South Korea imported 3.46 Mt in June, with the 0.99 Mt y/y increase driven by healthy takes from Australia, Malaysia and Qatar. Australian volumes rose by a solid 0.45 Mt y/y to 0.64 Mt, while imports from Malaysia were up by 0.20 Mt to 0.43 Mt. After falling y/y in May, Qatari imports rebounded in June, growing by 0.16 Mt y/y to 1.28 Mt.
Power sector gas demand contracted by 0.05 Mt y/y to 1.04 Mt, while residential and commercial demand nudged higher by 0.02 Mt y/y to 0.89 Mt. These trends are partly explained by cooler weather, with South Korean CDDs down by 14% y/y and by 20% down on five-year norm.
Nonetheless, with the y/y growth in LNG imports, our balances suggest that South Korea injected a net 1.02 Mt of LNG into storage in June. The latest data from JODI show that South Korean storage totalled 1.29 Mt in April. Given the implied stock changes for May and June, this would leave end-June stocks at around 2.75 Mt, higher by around 0.7 Mt y/y.
Looking at lagged power data, total generation increased by 0.74 TWh y/y in May to 42.8 TWh. May was colder than last year in South Korea, with HDDs up by 15% y/y, which likely increased the demand for electric space heating over the month. In order to meet this higher power demand, both coal and renewables generation increased y/y in May, by 1.24 TWh and 0.28 TWh, respectively. At the same time, gas-fired generation contracted by 0.1 TWh and nuclear generation fell by 0.33 TWh, with the former in line with May’s y/y reduction of power sector gas demand. Finally, oil-fired generation also contracted, by 0.32 TWh. With the reduction of power sector gas demand in June, we expect that gas-fired generation likely fell as well.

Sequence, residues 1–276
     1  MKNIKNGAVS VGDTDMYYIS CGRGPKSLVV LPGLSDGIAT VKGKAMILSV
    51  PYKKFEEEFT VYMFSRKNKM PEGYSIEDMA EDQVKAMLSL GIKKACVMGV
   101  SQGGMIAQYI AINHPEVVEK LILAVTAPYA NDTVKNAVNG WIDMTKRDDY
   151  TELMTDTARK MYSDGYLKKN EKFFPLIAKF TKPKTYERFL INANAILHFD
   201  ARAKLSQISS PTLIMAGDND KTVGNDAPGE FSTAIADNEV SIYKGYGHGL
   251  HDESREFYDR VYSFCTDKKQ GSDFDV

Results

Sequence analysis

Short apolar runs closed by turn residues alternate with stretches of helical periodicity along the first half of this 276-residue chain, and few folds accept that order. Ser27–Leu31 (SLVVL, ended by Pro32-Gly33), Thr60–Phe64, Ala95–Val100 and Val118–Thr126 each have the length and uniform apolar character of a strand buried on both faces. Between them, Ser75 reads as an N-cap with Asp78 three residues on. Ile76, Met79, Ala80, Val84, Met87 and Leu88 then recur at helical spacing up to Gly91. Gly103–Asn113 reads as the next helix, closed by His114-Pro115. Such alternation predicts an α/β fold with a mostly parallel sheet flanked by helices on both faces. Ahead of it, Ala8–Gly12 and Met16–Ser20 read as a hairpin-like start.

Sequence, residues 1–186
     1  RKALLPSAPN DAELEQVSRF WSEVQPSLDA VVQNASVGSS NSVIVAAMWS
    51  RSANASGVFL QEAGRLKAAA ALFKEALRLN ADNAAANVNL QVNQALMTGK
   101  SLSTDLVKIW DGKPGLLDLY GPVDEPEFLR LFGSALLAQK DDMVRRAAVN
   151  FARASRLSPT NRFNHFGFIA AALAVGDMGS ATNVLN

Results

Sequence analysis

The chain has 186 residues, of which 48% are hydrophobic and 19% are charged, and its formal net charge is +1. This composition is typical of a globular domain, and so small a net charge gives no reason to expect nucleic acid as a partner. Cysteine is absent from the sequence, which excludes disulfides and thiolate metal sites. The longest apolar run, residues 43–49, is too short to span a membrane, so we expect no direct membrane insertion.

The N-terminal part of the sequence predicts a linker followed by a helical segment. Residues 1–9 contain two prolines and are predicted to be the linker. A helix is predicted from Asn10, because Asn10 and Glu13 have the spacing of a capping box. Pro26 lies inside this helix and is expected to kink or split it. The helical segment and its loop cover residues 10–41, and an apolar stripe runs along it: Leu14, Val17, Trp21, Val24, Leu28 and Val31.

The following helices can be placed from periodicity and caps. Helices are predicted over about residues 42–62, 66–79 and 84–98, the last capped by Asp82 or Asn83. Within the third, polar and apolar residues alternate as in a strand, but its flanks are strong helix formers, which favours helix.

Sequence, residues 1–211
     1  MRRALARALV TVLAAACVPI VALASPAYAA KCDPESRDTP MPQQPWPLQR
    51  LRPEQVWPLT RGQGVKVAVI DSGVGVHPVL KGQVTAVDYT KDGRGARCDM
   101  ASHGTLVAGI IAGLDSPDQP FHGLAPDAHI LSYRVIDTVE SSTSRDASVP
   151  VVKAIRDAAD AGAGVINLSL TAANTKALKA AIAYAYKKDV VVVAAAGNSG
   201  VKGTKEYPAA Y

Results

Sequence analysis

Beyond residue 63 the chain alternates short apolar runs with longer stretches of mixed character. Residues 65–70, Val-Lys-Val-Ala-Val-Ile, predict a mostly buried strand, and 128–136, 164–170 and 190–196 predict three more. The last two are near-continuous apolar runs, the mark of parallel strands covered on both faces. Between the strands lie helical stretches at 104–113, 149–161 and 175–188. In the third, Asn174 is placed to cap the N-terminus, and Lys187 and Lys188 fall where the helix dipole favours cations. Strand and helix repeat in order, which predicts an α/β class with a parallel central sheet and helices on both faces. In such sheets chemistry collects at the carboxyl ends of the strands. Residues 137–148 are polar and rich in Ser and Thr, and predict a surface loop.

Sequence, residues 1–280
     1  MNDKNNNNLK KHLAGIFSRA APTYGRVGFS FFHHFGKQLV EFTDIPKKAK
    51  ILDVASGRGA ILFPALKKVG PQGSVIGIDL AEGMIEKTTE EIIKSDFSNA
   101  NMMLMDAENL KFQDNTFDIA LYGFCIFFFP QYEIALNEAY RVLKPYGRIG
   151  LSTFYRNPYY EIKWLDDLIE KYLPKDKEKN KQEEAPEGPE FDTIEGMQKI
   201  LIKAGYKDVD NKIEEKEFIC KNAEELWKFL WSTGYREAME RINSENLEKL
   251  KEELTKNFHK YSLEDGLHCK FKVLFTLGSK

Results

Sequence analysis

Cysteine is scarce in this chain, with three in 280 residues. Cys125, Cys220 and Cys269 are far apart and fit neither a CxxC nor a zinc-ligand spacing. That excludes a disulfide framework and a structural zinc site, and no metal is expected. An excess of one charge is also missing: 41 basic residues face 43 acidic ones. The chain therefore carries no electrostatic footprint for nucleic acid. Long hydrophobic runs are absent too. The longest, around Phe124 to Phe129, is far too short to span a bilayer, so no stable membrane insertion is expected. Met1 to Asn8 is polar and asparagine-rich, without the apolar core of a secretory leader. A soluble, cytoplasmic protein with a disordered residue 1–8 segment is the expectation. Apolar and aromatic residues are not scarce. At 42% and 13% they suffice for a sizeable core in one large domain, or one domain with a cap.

As of 17 July, there is 8.69 GW of nuclear capacity offline in South Korea, which is 36% of the total and nearly 6.0 GW more y/y. These outages should prove supportive for gas in July, as should the weather, which is forecast to be hotter than normal in July. However, with the high level of gas in storage, this may not lead to an increase in LNG imports in y/y terms.
We now forecast that South Korean LNG imports will increase y/y by 2.5 Mt in 2017, an upward revision of 1.5 Mt on our previous forecast, which reflects higher-than-expected June takes and an increased need for restocking due to an expected stock drawdown over the summer. For 2018, we expect a 2.2 Mt y/y drop, which is unchanged from last month as we still expect to see 2.0 GW of new coal capacity to start up by the end of this year.